Wednesday, January 27, 2010

View through the mist of time

It is quite easy to escape the boundaries of time when in a wilderness. Look up and see no trace of aircraft; listen and hear only the sounds of nature. It also is possible to walk down a street or to enter a building and to experience the same sensation, the same feeling, the same reality, the absolute actuality of having been and done and met and known before.

Once upon a time there was a letter

It amazes and puzzles me how a few back and forth words .... can set me on my way toward rediscovery of past pleasures in life.

Those are words I wrote a few days ago, and the same thing has happened to me again -- all ready -- only in a slightly different manner. I read a post about letters written during World War II by a well-known writer, Iris Murdock. The first thing -- or, rather, the first person -- who entered my mind was a not-so-well-known writer, Mildred Aldrich. She wrote letters, too, mostly of a different sort than those by Iris, during World War I.

Mildred was a school teacher, a newspaper reporter and a woman who began her own literary magazine dedicated to photography, music, acting, books and other arts. She left the United States in 1898 to take up residency in France for the remainder of her life.

In France, Mildred worked as a translator, made friends with literary types such as Gertrude Stein and wrote a few books of her own. I encountered her, I am almost hesitant to say, because of her association with World War I and my own interest in the study of warfare -- warfare then, now and forevermore.

Here, for you, if you are at all interested, is a brief moment with Mildred, while I take leave to quietly slip away into the mist of Neverland:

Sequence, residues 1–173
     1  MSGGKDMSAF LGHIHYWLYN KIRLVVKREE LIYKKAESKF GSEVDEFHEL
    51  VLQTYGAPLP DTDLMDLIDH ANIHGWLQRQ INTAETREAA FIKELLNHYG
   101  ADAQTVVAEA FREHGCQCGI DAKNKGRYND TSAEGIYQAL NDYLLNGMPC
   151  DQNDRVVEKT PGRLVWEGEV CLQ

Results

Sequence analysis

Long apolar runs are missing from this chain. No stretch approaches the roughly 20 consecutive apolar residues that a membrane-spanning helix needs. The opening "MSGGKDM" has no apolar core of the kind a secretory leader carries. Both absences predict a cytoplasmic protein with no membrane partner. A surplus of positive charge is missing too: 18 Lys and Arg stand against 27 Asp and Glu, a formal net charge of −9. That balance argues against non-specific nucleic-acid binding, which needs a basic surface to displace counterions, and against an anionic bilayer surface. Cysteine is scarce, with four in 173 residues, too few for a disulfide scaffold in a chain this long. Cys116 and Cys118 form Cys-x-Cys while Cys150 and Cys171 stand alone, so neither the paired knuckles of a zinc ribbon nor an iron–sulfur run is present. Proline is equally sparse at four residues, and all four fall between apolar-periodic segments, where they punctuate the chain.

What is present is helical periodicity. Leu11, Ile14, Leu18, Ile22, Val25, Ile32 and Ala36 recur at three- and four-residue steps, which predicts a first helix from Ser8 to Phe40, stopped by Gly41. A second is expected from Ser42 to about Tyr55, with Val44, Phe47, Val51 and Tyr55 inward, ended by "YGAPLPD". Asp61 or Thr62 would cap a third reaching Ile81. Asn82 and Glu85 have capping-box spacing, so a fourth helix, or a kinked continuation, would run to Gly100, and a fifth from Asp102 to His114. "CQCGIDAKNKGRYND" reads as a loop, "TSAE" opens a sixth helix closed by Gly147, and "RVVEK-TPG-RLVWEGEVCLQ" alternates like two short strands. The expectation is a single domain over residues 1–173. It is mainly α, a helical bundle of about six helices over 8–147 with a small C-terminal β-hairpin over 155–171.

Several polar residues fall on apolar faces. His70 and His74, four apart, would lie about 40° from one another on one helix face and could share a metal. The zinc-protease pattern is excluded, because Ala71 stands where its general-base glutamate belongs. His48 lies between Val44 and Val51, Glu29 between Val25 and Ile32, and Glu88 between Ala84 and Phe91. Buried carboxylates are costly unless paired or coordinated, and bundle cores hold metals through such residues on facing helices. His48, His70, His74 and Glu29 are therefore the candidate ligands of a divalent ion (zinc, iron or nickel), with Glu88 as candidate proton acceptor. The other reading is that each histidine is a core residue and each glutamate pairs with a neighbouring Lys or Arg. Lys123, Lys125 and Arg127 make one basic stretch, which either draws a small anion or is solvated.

A Hilltop on the Marne

By Mildred Aldrich

Being Letters Written
June 3-September 8, 1914

June 3, 1914

Well, the deed is done. I have not wanted to talk with you much about it until I was here. I know all your objections. You remember that you did not spare me when, a year ago, I told you that this was my plan. I realize that you -- more active, younger, more interested in life, less burdened with your past -- feel that it is cowardly on my part to seek a quiet refuge and settle myself into it, to turn my face peacefully to the exit, feeling that the end is the most interesting event ahead of me -- the one truly interesting experience left to me in this incarnation.

I am not proposing to ask you to see it from my point of view. You cannot, no matter how willing you are to try. No two people ever see life from the same angle. There is a law which decrees that two objects may not occupy the same place at the same time -- result: two people cannot see things from the same point of view, and the slightest difference in angle changes the thing seen.


Anonymous said...

What a great writer Mildred Aldrich

Polly said...

I'm glad the Iris post inspired you. I must say I've never heard of Mildred Aldrich but she sounds very interesting. Very poetic letters and you're right, very different to those written by Murdoch.

Fram Actual said...

Greetings, Anita ....
My opinion is that Mildred was a very wise and forthright woman, in addition to being a great writer. Thank you, for your visit, and remember, Spring will be here before long.

Fram Actual said...

Greetings, Polly ....
More often than not, posts such as your own about Iris set my mind wandering and searching for "landmarks" I can identify with and for comparisons to my own life experiences.

Actually, I do not recall ever reading anything written by Iris, but I think I will now to see if it leads anywhere.

Something special ....